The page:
By Alan Baldwin LONDON (Reuters) – Max Verstappen is rewriting the record books, ready to overtake some of Formula One’s all-time greats in what looks ominously like becoming the most one-sided of seasons. Sunday’s Spanish Grand Prix ‘Grand Slam’ win was a career 40th for Red Bull’s dominant double world champion and left him one […]
Motor racing-Dominant Verstappen ripping through the F1 record books
By Alan Baldwin
LONDON (Reuters) – Max Verstappen is rewriting the record books, ready to overtake some of Formula One’s all-time greats in what looks ominously like becoming the most one-sided of seasons.
Sunday’s Spanish Grand Prix ‘Grand Slam’ win was a career 40th for Red Bull’s dominant double world champion and left him one behind Ayrton Senna, with Alain Prost’s tally also in his sights.
The Dutch 25-year-old was quickest in every practice session, led every race lap from pole position at Barcelona’s Circuit de Catalunya and also took a bonus point for fastest lap.
Fleeting hopes that Verstappen’s Mexican team mate Sergio Perez could put up a fight seem to have evaporated, with Verstappen already a mighty 53 points clear after seven of 22 races.
A third title seems assured and if domination can be a turn-off for neutral fans, although a feature of the sport through the ages, there is still a fascination with the numbers as Red Bull and their driver press on.
Verstappen has led the championship for more than a year while Red Bull have won the last eight races in a row, including last year’s season-ender in Abu Dhabi and all seven this season.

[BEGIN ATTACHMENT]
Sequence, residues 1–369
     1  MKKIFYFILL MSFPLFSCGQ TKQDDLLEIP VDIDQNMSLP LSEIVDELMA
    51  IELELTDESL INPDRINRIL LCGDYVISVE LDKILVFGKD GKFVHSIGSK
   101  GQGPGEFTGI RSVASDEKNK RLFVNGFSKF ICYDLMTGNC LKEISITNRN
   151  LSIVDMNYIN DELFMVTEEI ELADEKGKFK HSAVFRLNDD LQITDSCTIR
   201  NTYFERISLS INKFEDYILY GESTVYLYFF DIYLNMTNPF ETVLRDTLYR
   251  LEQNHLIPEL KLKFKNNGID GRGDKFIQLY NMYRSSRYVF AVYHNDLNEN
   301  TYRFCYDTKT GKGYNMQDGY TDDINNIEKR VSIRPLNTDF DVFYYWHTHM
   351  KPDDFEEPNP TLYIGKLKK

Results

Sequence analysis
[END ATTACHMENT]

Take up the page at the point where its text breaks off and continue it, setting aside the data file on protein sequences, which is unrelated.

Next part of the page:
No team has ever won every race in a season — McLaren won all but one in 1988 with Senna and Prost — but Verstappen recognised in Barcelona that Red Bull could do that, even if it looked unlikely.
Red Bull have won 17 of the last 18 races, compared to McLaren’s 15 out of 16 in 1988.
Verstappen set the record of 15 wins in a season last year and he already has five in 2023, including the last three, with 15 more races to be run and no immediate end in sight to the domination.
“They are so far ahead,” said Mercedes’ seven times world champion Lewis Hamilton, after finishing runner-up on Sunday, of his team’s chances of closing the gap. “And ultimately Max will continue to win this year.
“That means they can start on their development for next year sooner than everybody else, if they haven’t already, and that’s the danger.”
Verstappen can equal Senna’s career tally of 41 in Canada next week and could match Prost’s 51 before the end of the campaign.
Sebastian Vettel’s 53 might even be within range, and Verstappen has already overtaken the German as Red Bull’s ‘winningest’ driver, leaving only Michael Schumacher (91) and Hamilton (103) ahead.
“Max is continuing to evolve as a driver. He’s getting more and more polished and the capacity he has in the car is truly impressive,” said Red Bull boss Christian Horner.
Verstappen won by 27 seconds to Aston Martin’s Fernando Alonso in Monaco and 24 seconds to Hamilton in Spain.
The winning margin in the season-opener in Bahrain from Verstappen to Alonso, third and best of the rest, was 38 seconds.
“Let’s keep our expectations real,” said Mercedes boss Toto Wolff after his team’s encouraging improvement on Sunday with a re-designed car. “There is such a long way to go in order to catch Red Bull.”
Verstappen has finished lower than second only five times in his last 28 races, and not at all this season, and has not retired from a race since April last year.
One thing has been clear for a while — the 2023 season is not going down to the wire.
(Reporting by Alan Baldwin, editing by Ken Ferris)